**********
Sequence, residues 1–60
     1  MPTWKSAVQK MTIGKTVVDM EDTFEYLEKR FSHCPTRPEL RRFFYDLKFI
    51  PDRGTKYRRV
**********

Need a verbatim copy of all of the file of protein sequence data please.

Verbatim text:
Sequence, residues 1–60
     1  MPTWKSAVQK MTIGKTVVDM EDTFEYLEKR FSHCPTRPEL RRFFYDLKFI
    51  PDRGTKYRRV